Pain Relief Beyond Belief





From Blakey to Brown, Como to Costa, Eckstine to Eldridge, Galbraith to Garner, Harris to Hines, Horne to Hyman, Jamal to Jefferson, Kelly to Klook; Mancini to Marmarosa, May to Mitchell, Negri to Nestico, Parlan to Ponder, Reed to Ruther, Strayhorn to Sullivan, Turk to Turrentine, Wade to Williams… the forthcoming publication Treasury of Pittsburgh Jazz Connections by Dr. Nelson Harrison and Dr. Ralph Proctor, Jr. will document the legacy of one of the world’s greatest jazz capitals.


Do you want to know who Dizzy Gillespie  idolized? Did you ever wonder who inspired Kenny Clarke and Art Blakey? Who was the pianist that mentored Monk, Bud Powell, Tad Dameron, Elmo Hope, Sarah Vaughan and Mel Torme? Who was Art Tatum’s idol and Nat Cole’s mentor? What musical quartet pioneered the concept adopted later by the Modern Jazz Quartet? Were you ever curious to know who taught saxophone to Stanley Turrentine or who taught piano to Ahmad Jamal? What community music school trained Robert McFerrin, Sr. for his history-making debut with the Metropolitan Opera? What virtually unknown pianist was a significant influence on young John Coltrane, Shirley Scott, McCoy Tyner, Bobby Timmons and Ray Bryant when he moved to Philadelphia from Pittsburgh in the 1940s?  Would you be surprised to know that Erroll Garner attended classes at the Julliard School of Music in New York and was at the top of his class in writing and arranging proficiency?


Some answers  can be gleaned from the postings on the Pittsburgh Jazz Network.


For almost 100 years the Pittsburgh region has been a metacenter of jazz originality that is second to no other in the history of jazz.  One of the best kept secrets in jazz folklore, the Pittsburgh Jazz Legacy has heretofore remained mythical.  We have dubbed it “the greatest story never told” since it has not been represented in writing before now in such a way as to be accessible to anyone seeking to know more about it.  When it was happening, little did we know how priceless the memories would become when the times were gone.


Today jazz is still king in Pittsburgh, with events, performances and activities happening all the time. The Pittsburgh Jazz Network is dedicated to celebrating and showcasing the places, artists and fans that carry on the legacy of Pittsburgh's jazz heritage.






Duke Ellington is first African-American and the first musician to solo on U.S. circulating coin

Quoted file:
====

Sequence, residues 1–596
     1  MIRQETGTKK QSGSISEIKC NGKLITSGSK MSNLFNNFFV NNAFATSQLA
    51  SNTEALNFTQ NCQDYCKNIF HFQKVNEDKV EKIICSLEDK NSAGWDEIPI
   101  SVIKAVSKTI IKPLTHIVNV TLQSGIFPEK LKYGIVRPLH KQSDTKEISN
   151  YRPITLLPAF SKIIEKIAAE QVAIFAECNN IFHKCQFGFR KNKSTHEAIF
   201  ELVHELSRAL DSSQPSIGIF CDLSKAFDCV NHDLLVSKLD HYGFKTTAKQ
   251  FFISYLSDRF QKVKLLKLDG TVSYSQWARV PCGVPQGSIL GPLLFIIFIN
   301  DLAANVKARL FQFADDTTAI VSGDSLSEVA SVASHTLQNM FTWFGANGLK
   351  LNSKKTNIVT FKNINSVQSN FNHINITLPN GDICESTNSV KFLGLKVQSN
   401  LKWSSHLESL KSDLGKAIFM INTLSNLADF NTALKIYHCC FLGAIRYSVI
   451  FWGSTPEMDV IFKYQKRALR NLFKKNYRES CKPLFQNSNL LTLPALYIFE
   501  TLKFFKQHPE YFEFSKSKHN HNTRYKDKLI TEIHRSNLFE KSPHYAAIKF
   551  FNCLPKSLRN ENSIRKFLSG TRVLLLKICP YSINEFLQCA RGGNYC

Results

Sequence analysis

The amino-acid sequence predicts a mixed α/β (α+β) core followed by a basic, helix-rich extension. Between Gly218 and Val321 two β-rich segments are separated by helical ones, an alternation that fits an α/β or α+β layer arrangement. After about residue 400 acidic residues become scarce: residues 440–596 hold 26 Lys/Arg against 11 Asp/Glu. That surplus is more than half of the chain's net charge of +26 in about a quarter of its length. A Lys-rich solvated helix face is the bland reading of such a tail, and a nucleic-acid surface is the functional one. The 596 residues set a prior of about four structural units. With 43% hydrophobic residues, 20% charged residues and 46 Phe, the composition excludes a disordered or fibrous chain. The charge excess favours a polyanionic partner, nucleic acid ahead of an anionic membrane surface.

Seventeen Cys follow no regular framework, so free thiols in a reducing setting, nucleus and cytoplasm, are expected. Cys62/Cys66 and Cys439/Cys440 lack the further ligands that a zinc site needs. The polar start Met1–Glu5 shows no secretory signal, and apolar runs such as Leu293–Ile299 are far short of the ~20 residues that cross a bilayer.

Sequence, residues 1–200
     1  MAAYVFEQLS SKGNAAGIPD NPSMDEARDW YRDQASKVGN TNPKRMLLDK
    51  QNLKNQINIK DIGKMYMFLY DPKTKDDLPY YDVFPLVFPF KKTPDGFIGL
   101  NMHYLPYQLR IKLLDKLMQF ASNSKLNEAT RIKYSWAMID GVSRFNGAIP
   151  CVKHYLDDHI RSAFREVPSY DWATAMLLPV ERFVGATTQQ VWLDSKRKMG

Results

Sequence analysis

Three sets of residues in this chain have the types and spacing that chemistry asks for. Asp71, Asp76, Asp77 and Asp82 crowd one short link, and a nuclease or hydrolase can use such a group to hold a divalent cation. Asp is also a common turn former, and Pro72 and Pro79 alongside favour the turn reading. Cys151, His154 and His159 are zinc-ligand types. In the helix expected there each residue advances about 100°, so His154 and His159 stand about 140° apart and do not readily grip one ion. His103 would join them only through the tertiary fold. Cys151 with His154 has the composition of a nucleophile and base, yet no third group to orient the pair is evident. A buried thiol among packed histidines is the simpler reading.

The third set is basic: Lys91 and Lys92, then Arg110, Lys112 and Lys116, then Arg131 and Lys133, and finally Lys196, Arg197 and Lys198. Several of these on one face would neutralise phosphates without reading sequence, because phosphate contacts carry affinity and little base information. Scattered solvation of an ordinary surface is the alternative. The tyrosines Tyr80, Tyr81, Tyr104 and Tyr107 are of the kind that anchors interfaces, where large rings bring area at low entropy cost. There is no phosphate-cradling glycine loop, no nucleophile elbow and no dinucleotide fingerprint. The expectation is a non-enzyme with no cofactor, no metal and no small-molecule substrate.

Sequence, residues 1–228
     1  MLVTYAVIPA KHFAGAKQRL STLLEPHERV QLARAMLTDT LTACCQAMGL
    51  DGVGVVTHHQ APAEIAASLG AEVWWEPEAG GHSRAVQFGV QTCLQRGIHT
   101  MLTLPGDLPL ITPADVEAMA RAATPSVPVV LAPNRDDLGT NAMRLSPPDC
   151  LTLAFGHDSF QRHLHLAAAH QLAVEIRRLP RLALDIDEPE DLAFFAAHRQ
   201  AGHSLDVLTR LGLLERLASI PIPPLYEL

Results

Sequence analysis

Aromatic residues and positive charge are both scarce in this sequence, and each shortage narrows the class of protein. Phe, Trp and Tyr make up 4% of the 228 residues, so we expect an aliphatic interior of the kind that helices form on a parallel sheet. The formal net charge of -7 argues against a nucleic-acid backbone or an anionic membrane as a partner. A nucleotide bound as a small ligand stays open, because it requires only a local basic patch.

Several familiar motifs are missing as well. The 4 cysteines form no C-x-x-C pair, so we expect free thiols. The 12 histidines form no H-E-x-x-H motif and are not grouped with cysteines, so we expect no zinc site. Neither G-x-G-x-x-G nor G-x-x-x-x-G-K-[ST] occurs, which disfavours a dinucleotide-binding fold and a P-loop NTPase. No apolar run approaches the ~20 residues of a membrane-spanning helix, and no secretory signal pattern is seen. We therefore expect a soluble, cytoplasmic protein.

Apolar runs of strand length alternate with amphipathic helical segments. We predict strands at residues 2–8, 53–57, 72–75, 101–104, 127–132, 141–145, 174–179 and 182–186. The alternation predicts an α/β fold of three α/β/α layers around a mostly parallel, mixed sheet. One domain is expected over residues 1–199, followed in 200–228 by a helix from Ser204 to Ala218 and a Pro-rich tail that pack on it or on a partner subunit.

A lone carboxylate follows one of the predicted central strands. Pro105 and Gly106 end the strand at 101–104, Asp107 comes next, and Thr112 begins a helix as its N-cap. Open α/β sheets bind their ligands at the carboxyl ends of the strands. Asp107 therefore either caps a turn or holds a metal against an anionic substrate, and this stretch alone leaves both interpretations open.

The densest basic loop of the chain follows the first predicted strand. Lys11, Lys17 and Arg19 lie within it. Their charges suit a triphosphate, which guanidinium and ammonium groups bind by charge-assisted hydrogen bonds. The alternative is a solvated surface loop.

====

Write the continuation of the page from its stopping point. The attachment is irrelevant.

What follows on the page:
In Her Own Words

Dr. Larry Ridley: The Roots that Have Produced the Fruits - JazzEd Magazine Feature Article

June 7, 2011
Dr Larry Ridley

An accomplished musical force with decades of experience as a sought-after accompanist, soloist, and bandleader, Dr. Larry Ridley is also one of the staunchest advocates for jazz education and the appreciation of the music’s roots in African-American culture.

After studying at Indiana University and making a name for himself in his hometown through collaborations with the likes of Wes Montgomery and Freddie Hubbard, Ridley made the move to the NYC area where he continued to study, perform, record, and teach the music he loves. Notable musical pairings with such heavyweights as Sonny Rollins, Max Roach, Slide Hampton, and Red Garland (among many others) in the ‘60s led to a regular gig as Thelonious Monk’s bassist through the mid-1970s.

Dr. Ridley then headed the music department and jazz program at Rutgers, before retiring in 1999, and currently teaches and lectures at Manhattan School of Music, Jazz at Lincoln Center, and elsewhere. While remaining active as a performer (and occasional recording artist) through to the present day, Ridley now also serves as executive director of the African American Jazz Caucus (AAJC) and contributes a regular column to JAZZed.

We recently spoke with Dr. Ridley to learn of his life as a student and teacher of the language and culture of jazz.

JAZZed: Dr. Ridley, you’ve been such an influential educator for so many – who were some educators who had significant influence on you as a musician?
Dr. Larry Ridley: The early “educators” who continue to be significant influences on me as a musician and as a human being have to be defined in a holistic way. It begins with my father, mother, siblings, paternal/maternal families, religious and extended families at large, my daughter, my great and great-great grandchildren, my nephews, my wife Magdalena, et al.

I have had many great teachers. My third grade teacher at George Washington Carver P.S. 87 in Indianapolis taught and instilled a sense of pride in me as an African American/Cherokee Indian with a tad of European. Her name was Mrs. Pauline Morton-Finney. She was a brilliant woman who served along with Ms. Mary McLeod Bethune, as an advisor to Mrs. Eleanor Roosevelt during her husband’s Presidency. Mrs. Morton-Finney introduced us to W.E.B. DuBois, Carter G. Woodson, Paul Laurence Dunbar, Booker T. Washington, Phyllis Wheatley, Harriet Tubman, Chief Sitting Bull, Frederick Douglass, etc.  My “big brothers,” David Baker and Jim Harrison, have always been, and continue to be, major role models and mentors – David since I was a teenager.